(WSYM) — A Livingston County man voted to approve a plan to provide Diversity, Equity, and Inclusion training for Huron Clinton Metroparks employees. As a result, the Livingston County Board of Commissioners voted against his reappointment to the Huron Clinton Metroparks Board.
“I found out about this toxic racist ideology being propagated by Metroparks,” said Wes Nakagiri, Livingston County Board Chairman, during a meeting on May 26.
Nakagiri called on fellow county board members to vote against reappointing Steve Williams to the Huron Clinton Metroparks board. The reason? He said Williams voted to approve a Diversity Equity & Inclusion Program.
Nakagiri said such programs are racist.
7 Action News interviewed Nakagiri, asking what specifically in the program was racist in his opinion. He said he had an email from one employee claiming the training insulted white people.
Huron Clinton Metroparks employs more than one thousand people. Nakagiri said the one employee who emailed him did not provide documentation of a specific insult.
Nakagiri said the decision to provide $6 million over seven years to fund The Ralph C. Wilson Jr. Centennial Park along Detroit’s Riverfront in a partnership with the Detroit Riverfront Conservancy is also racist.
“I read the minutes when they were talking about this,” said Nakagiri. “It is clear in the meeting minutes that the parks wanted to do more for social justice.”
“We have thirteen parks. Huron Clinton Metroparks. They follow the river basins. They circumnavigate the metro area. There is no metropark in Detroit. There never has been,” said Steve Williams during the meeting, responding to the allegations. “ People in the City of Detroit have been paying their millage, same as ours for eighty years. We’re in Livingston County. We have less than 200,000 people. They have almost four times that many in the city. This is not about race. This is about service to residents.”
Williams told the County Board of Commissioners he tries to vote with fairness in mind. He said the partnership will provide programs for children.
“Is anybody against teaching urban kids how to swim?” asked Williams.
Williams said the Diversity Equity and Inclusion program does not discriminate against white people and he asked questions of legal counsel to ensure that was the case.
He said, for example, the new director and deputy director were the best-qualified candidates, and they are both white.
“This is not some kind of quota system that they are implementing in the parks,” said Williams.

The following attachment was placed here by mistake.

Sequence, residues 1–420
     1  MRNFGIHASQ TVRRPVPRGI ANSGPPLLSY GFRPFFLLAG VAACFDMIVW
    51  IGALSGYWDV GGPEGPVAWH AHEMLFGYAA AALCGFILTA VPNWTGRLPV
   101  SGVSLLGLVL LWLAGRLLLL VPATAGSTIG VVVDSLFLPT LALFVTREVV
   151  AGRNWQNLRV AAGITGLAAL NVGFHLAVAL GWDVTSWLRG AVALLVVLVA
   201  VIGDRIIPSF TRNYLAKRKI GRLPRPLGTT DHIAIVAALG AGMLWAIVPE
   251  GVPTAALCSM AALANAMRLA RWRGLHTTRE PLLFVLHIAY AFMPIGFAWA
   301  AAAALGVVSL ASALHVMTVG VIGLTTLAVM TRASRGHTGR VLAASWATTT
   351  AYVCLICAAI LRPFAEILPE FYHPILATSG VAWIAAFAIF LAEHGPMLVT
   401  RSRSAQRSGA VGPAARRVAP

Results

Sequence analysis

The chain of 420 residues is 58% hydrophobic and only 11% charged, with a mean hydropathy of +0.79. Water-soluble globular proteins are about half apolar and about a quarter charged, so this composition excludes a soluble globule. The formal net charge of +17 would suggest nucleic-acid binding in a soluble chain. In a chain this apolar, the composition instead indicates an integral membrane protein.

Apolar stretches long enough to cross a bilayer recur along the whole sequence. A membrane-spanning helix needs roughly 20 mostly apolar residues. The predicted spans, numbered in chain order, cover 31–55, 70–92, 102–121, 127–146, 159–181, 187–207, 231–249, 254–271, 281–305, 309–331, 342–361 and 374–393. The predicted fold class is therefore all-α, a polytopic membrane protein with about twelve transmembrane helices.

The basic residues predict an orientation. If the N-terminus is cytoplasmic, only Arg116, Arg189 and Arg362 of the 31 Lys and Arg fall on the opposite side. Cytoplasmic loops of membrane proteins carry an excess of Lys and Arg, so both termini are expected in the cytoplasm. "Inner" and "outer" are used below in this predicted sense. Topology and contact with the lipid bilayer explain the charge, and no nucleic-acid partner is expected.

7 Action News asked Nakagiri to respond to the idea that it is about service to residents who pay taxes, not race.
“Livingston County is a donor county, so I would say if Wayne County was a donor county they might have a leg to stand on,” Nakagiri said.
But is Livingston County a donor county? 7 Action News reviewed the Huron Clinton Metroparks budgets.
Here is a look at how much is collected by each county in taxes:
- Oakland: $12,941,291
- Wayne: $8,817,507
- Macomb: $6,237,818
- Washtenaw: $3,854,737
- Livingston: $2,038,199
Kensington Metroparks is in both Oakland and Livingston Counties. In 2020 Kensington had a budget of $5,093,470. Huron Meadows is in Livingston County. In 2020 Huron Meadows had a budget of $943,765.
In Wayne County, there is the Lake Erie Metropark which in 2020 had a budget of $1,602,718 plus the Lower Huron Metropark, Oakwoods Metropark, and Willow Metropark which are connected and had a combined budget of $1,822,640.
The Livingston County Board of Commissioners voted five to three to not reappoint Steve Williams specifically pointing to his decisions to approve Diversity, Equity & Inclusion training for park employees and funding for a park in Detroit.
“It is always disappointing to me when people have very narrow views,” said Amy McMillan, Huron Clinton Metroparks Director.
McMillan said she cannot comment on political decisions but will correct inaccuracies being spread about Huron Clinton Metroparks. She said diversity training aims to make sure the parks are a great place to work for people from different backgrounds and with special needs.
“Focus on the word inclusion. It is not excluding white people or anyone else. It is about including everyone and providing equitable opportunities for everyone,” said McMillan.
A replacement for Williams has not been selected.
Nakagiri said he recruited a woman who has been outspoken against diversity programs, Tami Carlone, to apply. She applied but did not meet the deadline set by the Board of Commissioners.
“Our citizens deserve representation that is more in tune with the values of our county,” said Nakagiri.
You can see the meeting here.